Britain Attacks Argentina’s Constitution

11 Feb

Britain has attacked Argentina’s Constitution in the escalating war of words over who owns the Falkland Islands.

Following the presentation of Argentina’s protest to the United Nations Secretary-General, Ban Ki-moon, containing accusations that the United Kingdon is ‘militarizing’ the South Atlantic, the British Ambassador to the UN, Mark Grant, called the allegations ‘rubbish’. He added, “It is only because Argentina illegally invaded the Falkland Islands in 1982 that we had to increase our defence posture. Nothing has changed in that defence posture in recent months or recent years, we are threatening no one.”

He then went on to criticise Argentina’s position over sovereignty of the Falklands, “When they changed their Constitution they did so in a very hostile manner, because they considered it a duty for Argentina to obtain the islands’ sovereignty. They changed the Constitution to include the fact that it is a duty to obtain the sovereignty of a territory over which they never had sovereignty and in which there are several generations of islanders.”

Argentina demands that Britain sit down and negotiate over who owns the remote archipelago, and accuses the UK of being unwilling to discuss the issue in defiance of a number of UN General Assembly Resolutions demanding that talks take place. What is rarely mentioned is that Resolution 2065 which called for talks, was stabbed in the back by Argentina’s invasion of 1982. There appears to be no life left in it. As for the Resolutions that followed the 74 day long Falklands War, these called for a resolution of the problems that prevented a resumption of diplomatic relations between the two countries. In 1989 these talks finally took place and diplomatic contact resumed.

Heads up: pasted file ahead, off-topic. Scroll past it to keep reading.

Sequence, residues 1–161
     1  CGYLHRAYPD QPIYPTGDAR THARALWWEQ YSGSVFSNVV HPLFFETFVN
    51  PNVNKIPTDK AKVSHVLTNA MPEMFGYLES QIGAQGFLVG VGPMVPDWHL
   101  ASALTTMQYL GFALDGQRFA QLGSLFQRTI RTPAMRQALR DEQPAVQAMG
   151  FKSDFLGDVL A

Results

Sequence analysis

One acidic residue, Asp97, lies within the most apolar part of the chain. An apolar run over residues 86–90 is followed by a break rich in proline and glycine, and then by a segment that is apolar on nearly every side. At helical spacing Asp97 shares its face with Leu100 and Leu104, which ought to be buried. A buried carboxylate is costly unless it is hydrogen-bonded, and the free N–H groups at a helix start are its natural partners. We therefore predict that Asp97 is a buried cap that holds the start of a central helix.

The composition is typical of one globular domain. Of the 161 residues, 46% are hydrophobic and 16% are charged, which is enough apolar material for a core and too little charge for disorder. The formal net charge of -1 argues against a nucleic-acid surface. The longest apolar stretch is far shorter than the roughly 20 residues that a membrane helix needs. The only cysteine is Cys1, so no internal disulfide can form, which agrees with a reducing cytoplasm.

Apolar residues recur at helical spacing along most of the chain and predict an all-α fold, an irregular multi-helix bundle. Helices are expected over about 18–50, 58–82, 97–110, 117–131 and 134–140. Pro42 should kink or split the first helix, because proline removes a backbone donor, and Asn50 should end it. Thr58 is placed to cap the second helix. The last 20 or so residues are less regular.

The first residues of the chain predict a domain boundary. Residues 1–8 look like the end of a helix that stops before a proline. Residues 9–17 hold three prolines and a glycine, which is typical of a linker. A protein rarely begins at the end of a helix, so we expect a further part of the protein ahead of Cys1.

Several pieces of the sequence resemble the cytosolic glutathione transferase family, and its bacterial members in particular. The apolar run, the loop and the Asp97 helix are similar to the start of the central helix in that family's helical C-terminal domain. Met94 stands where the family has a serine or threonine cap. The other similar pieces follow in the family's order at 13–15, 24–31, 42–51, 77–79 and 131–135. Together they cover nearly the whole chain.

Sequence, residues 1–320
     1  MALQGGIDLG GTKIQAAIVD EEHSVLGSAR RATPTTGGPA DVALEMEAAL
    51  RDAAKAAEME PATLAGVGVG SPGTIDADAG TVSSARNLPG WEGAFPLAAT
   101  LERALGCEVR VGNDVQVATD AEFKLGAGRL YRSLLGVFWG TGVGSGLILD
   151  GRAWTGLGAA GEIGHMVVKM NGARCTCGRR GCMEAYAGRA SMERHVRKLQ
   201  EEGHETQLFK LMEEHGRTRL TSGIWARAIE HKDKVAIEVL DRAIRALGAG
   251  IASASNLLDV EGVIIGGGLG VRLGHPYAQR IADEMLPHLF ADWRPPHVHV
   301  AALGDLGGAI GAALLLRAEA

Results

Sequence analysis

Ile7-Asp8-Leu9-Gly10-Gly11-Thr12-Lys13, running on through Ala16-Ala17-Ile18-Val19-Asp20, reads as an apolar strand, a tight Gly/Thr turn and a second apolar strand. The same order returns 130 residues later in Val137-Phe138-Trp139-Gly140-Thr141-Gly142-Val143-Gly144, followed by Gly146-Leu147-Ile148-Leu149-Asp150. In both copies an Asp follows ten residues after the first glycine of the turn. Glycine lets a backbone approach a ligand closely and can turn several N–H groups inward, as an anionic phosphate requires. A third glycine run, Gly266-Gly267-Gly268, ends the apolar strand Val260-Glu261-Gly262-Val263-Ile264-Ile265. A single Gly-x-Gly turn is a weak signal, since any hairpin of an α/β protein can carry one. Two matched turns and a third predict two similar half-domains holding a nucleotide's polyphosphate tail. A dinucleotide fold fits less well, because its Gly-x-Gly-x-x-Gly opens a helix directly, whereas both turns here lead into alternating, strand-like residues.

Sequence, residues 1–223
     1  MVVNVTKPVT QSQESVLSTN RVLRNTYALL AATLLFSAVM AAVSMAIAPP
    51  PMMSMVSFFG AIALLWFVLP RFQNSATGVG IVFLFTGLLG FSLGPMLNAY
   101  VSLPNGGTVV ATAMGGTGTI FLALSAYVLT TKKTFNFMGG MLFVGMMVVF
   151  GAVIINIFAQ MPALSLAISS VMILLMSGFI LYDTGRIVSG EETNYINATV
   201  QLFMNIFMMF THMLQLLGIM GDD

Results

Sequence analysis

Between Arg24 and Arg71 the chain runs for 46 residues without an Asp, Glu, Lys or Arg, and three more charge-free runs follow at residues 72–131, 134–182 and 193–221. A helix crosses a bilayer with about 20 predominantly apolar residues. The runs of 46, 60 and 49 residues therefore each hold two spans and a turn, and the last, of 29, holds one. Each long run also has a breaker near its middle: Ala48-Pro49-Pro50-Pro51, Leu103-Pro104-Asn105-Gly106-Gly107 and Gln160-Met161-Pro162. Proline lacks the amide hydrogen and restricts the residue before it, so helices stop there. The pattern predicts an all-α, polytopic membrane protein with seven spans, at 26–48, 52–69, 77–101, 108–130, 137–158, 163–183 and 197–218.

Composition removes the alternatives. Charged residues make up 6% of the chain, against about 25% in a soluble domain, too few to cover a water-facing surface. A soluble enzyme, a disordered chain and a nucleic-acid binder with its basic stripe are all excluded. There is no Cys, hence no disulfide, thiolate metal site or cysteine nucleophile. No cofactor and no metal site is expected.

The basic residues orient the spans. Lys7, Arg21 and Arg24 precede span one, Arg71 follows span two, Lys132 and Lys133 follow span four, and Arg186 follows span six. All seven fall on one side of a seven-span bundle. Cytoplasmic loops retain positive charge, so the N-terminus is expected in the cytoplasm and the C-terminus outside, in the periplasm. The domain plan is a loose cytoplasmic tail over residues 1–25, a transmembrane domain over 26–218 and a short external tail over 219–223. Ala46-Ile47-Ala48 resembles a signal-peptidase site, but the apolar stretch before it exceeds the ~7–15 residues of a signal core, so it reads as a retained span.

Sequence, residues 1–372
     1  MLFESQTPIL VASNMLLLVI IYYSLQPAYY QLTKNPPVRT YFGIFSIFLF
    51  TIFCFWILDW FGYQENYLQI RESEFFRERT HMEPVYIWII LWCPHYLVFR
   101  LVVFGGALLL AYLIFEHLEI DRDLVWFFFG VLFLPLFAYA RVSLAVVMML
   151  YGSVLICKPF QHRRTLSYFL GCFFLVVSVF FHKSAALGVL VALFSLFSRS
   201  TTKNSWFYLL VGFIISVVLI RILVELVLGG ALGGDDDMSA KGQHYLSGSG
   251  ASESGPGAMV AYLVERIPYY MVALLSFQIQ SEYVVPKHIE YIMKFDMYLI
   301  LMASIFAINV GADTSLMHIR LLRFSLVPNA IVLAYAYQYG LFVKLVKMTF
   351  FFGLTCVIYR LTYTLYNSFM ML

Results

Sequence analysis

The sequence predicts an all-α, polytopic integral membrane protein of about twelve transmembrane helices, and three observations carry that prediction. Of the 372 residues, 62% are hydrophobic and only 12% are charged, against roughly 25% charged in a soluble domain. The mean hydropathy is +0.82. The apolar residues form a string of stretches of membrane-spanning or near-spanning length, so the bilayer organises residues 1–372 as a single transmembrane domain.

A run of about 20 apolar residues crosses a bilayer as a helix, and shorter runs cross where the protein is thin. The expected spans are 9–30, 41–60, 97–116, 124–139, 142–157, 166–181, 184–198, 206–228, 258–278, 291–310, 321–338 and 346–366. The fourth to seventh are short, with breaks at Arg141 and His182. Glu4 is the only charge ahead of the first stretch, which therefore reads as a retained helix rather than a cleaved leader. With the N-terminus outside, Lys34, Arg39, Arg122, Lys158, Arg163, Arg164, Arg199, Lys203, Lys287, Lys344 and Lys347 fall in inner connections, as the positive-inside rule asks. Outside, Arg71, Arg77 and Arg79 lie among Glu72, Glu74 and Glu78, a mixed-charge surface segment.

There have been no UN Resolutions since 1988.

The problem with Argentina’s demand for talks is that, in its 1994 amendment to the Nation’s Constitution it precluded all options other than a complete take-over by Argentina of the Falklands, South Georgia and the South Sandwich Islands. This renders talks rather futile.

The Argentine Nation ratifies its legitimate and non-prescribing sovereignty over the Malvinas, Georgias del Sur and Sandwich del Sur Islands and over the corresponding maritime and insular zones, as they are an integral part of the National territory. The recovery of said territories and the full exercise of sovereignty, respectful of the way of life of their inhabitants and according to the principles of international law, are a permanent and unrelinquished goal of the Argentine people.

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